Thursday, September 21, 2006

Will Senate let Kofi Annan sabotage a Senate process?

The US Senate is finding itself in the strange situation of allowing the United Nations to sabotage the confirmation of the American ambassador to the world body.

The Senate is close to setting a precedent to allow the UN Secretary General to sandbag the Senate confirmation of an American ambassador.

Kofi Annan has it out for Ambassador John Bolton, who has been exposing UN inefficiencies, ineffectiveness and corruption and demanding reforms.

Columnist Robert Novak reports today how Senator Lincoln Chafee (R-RI) is playing into Kofi Annan's hands by blocking the Bolton nomination from reaching the Senate floor.

The lead Senate opponent of Bolton is Senator Chris Dodd (D-CT), who's biggest gripe - predictably - is that Bolton opposes Fidel Castro. Throughout his Senate career, Dodd has done more than most to further Castro's goals, helping the Sandinistas, the FMLN guerrillas in El Salvador, and most recently fighting to normalize relations with the dying regime.

The anti-Bolton campaign "can be directly traced to a determined Democratic senator [Dodd] and the vengeful UN Secretariat," Novak reports.

Annan has waged a "stealthy sabotage" campaign against Bolton, "executed by his deputy, Mark Malloch Brown," according to the columnist.

"Bolton's ordeal provides a cautionary tale for any foreign policy conservative who wants to serve his country in Washington. . . . some of Bolton's colleagues in the State Department (where he was an undersecretary in George W. Bush's first term) were backstabbing when the president named him UN envoy. Bolton's overriding defect was his anti-Castro views, which collided with Dodd's goal of 'normalizing' relations with Communist Cuba. Dodd was able to mobilize Democratic colleagues ino a deadlock - creaing demand for execuive branch documents involving Bolton," Novak continues.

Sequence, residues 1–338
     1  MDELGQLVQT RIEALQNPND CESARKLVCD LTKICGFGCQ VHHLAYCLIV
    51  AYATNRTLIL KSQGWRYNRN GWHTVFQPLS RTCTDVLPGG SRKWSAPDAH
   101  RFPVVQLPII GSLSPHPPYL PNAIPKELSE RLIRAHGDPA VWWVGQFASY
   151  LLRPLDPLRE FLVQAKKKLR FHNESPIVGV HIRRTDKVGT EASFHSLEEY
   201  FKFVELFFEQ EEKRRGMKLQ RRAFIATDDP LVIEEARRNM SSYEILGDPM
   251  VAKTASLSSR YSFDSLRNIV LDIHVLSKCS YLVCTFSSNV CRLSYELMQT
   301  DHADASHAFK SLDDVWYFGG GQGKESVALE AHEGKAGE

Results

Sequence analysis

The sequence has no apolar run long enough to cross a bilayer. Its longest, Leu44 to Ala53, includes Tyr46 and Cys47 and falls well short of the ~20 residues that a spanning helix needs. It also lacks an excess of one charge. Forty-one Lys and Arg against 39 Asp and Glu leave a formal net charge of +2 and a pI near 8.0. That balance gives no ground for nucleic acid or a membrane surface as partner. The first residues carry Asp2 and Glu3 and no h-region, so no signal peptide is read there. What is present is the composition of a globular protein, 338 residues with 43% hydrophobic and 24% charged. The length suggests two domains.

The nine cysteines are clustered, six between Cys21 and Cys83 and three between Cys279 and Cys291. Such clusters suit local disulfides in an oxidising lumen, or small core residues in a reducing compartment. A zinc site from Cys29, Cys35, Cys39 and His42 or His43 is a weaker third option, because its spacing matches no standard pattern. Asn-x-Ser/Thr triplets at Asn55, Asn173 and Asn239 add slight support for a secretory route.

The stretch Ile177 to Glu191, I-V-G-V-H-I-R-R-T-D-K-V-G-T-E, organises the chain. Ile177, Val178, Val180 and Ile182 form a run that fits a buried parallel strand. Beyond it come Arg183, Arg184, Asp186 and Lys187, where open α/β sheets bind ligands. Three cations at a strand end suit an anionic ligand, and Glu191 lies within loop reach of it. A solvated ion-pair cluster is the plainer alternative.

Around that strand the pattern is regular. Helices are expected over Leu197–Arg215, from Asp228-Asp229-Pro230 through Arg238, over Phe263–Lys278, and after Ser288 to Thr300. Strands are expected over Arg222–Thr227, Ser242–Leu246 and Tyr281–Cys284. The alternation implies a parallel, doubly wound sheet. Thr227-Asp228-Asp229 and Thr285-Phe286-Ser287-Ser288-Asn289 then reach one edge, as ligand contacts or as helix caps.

Annan's deputy Mark Malloch Brown, at the UN, has been orchestrating a campaign for foreign ambassadors to pressure the Senate to block Bolton.

If the Senate allows that to happen, it will be abdicating its constitutional responsibility. The UN Secretariat will have established a precedent to intervene in Senate deliberations and veto an American president's choice of ambassador.

If the Senate allows the UN to interfere in the constitutional "advise and consent" procedure of confirming ambassadors, it will be opening the door to further UN intervention in American politics.


Post a Comment

<< Home